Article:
This article is for informational purposes only and is not intended as professional advice; always consult your qualified advisors before making business decisions.
When it comes to understanding land tenancy, it’s important to know the difference between joint tenancy and tenancy in common. Both of these concepts refer to the rights of property owners to share ownership of a piece of real estate, but understanding how each works is key for making informed decisions. In this blog post, we will explain what tenancy is and discuss the differences between joint tenancy and tenancy in common so that you can make an educated decision when taking title.
Tenancy refers to the legal relationship between two or more people and a piece of real estate. In this type of arrangement, one person is identified as the landlord or landowner, while the other is considered the tenant. The tenant has a right to occupy and use the property for an agreed upon period of time subject to certain conditions set by the landlord.
Joint Tenancy is the holding of property wherein each owner holds an undivided and equal interest in the property and there exists a right of survivorship. It is the most common form of co-ownership of property used by married couples. Upon the death of a joint tenant, his or her interest in the property passes to the surviving joint tenant(s). Joint tenancy must be specifically designated in an instrument of conveyance and is never presumed without such a designation.In Joint Tenancy, one owner can’t simply sell their interest without the consent of all the other owners. Estate tax on the property is delayed when passed to another owner in the event of the death of one of the owners. For example, if the owners were married and one spouse passed away, the property would transfer to the surviving spouse with no estate tax. When the other spouse passes and the property is passed down to heirs the estate tax would then be applied.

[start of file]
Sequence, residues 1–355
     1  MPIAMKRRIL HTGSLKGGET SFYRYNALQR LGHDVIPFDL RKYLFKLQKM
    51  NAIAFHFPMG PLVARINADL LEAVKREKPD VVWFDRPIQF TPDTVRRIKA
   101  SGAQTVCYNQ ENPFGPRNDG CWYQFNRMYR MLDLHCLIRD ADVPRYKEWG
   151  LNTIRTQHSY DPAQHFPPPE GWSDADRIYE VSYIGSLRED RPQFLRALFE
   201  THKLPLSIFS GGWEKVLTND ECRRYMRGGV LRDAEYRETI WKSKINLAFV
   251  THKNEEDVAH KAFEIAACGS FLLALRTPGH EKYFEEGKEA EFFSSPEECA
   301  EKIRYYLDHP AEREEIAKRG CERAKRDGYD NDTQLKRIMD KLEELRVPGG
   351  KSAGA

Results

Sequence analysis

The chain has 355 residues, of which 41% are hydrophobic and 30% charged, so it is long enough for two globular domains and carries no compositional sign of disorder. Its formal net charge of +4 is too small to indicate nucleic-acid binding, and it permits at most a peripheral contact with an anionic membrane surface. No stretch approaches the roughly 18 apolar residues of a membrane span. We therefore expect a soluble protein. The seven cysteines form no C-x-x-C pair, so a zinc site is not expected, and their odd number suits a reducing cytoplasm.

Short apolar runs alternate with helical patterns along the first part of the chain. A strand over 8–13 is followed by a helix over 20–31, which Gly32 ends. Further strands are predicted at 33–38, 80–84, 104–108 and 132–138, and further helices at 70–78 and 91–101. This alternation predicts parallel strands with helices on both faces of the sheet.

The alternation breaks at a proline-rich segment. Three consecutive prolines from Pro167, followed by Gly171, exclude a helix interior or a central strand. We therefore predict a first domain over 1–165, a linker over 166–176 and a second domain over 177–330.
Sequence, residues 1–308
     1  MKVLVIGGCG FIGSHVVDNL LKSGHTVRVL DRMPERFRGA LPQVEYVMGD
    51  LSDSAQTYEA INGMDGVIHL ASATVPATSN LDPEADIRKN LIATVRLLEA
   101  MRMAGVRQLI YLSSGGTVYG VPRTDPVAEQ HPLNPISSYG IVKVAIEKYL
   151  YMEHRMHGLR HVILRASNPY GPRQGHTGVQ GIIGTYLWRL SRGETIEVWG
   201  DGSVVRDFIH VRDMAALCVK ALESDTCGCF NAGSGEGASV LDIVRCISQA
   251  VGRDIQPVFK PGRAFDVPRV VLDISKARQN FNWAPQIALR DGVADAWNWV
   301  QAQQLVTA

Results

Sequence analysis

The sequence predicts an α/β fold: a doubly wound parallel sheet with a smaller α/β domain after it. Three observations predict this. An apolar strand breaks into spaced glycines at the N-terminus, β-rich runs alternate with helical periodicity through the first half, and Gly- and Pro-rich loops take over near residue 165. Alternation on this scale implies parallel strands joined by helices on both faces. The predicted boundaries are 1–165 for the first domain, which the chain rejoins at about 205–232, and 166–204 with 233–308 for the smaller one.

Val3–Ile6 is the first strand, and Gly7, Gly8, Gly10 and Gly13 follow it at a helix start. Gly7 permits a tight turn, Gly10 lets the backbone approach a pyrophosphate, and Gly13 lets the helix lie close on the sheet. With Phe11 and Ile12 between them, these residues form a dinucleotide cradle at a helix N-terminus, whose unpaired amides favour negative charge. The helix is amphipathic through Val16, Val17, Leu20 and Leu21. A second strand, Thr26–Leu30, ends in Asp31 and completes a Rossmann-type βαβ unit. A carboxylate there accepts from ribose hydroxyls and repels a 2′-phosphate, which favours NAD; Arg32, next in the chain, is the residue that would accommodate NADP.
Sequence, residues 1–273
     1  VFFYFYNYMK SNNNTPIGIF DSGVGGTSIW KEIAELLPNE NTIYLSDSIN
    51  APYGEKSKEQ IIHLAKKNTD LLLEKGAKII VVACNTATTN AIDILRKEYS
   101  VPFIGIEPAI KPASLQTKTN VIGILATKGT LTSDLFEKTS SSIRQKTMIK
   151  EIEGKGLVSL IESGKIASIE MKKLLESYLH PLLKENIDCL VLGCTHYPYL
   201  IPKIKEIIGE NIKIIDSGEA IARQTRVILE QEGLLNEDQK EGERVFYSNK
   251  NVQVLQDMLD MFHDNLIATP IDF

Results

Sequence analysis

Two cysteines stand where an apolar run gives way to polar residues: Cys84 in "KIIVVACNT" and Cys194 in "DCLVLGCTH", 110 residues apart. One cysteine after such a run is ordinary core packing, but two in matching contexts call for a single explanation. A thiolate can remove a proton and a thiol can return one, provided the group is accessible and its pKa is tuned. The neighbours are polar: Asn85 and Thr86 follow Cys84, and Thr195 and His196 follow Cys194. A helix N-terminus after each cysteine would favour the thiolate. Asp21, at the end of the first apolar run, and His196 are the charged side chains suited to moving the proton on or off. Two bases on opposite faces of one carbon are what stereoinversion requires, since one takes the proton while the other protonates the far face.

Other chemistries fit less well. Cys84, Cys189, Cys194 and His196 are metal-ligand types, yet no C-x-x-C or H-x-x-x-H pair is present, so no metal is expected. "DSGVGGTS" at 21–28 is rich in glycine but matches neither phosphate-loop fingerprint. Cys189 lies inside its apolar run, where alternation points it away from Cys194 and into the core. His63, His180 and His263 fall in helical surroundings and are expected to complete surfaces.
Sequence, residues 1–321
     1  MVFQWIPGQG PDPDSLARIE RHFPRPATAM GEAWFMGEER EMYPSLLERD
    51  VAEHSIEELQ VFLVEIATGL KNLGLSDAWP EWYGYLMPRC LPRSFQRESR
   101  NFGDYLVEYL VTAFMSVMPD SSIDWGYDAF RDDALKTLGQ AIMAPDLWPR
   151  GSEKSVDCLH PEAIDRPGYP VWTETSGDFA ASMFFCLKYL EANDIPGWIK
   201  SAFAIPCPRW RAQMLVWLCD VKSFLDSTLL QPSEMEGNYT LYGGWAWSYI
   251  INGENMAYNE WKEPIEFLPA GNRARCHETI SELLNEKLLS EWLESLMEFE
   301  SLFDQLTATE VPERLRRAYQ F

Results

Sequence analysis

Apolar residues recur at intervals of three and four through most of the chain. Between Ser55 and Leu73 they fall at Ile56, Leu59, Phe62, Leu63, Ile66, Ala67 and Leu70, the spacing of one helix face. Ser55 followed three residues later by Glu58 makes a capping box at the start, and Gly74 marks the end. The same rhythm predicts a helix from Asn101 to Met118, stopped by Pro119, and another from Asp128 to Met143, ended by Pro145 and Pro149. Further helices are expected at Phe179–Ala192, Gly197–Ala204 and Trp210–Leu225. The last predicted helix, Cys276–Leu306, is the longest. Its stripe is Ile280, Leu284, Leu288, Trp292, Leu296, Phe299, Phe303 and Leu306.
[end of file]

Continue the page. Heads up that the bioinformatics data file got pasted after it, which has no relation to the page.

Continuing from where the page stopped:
Tenancy in common is a real estate ownership arrangement by two or more people who hold undivided interests, without right of survivorship. Interests in the property do not need to be equal (each person can own a different percentage of the property). Each person is entitled to possession of the property according to their proportionate share and ownership interest in the property can be obtained at different times. Ownership pertains to the property as a whole and owners can’t claim specific parts or aspects of the property. With Tenancy in Common there is no right of survivorship, and in the event of the death of an owner their interest passes to their heirs and not the remaining owners. Tenancy in common allows for owners to sell their ownership interest in the property at any point without the agreement of the other owners and without affecting the other owners’ interests.
By understanding the differences between joint tenancy and tenancy in common, you can make an educated decision when it comes to investing in land. Both forms of tenancy have their own unique benefits and understanding how each works will ensure that your real estate investments are handled appropriately. Take some time to do your research and determine which type of tenancy best meets your specific needs.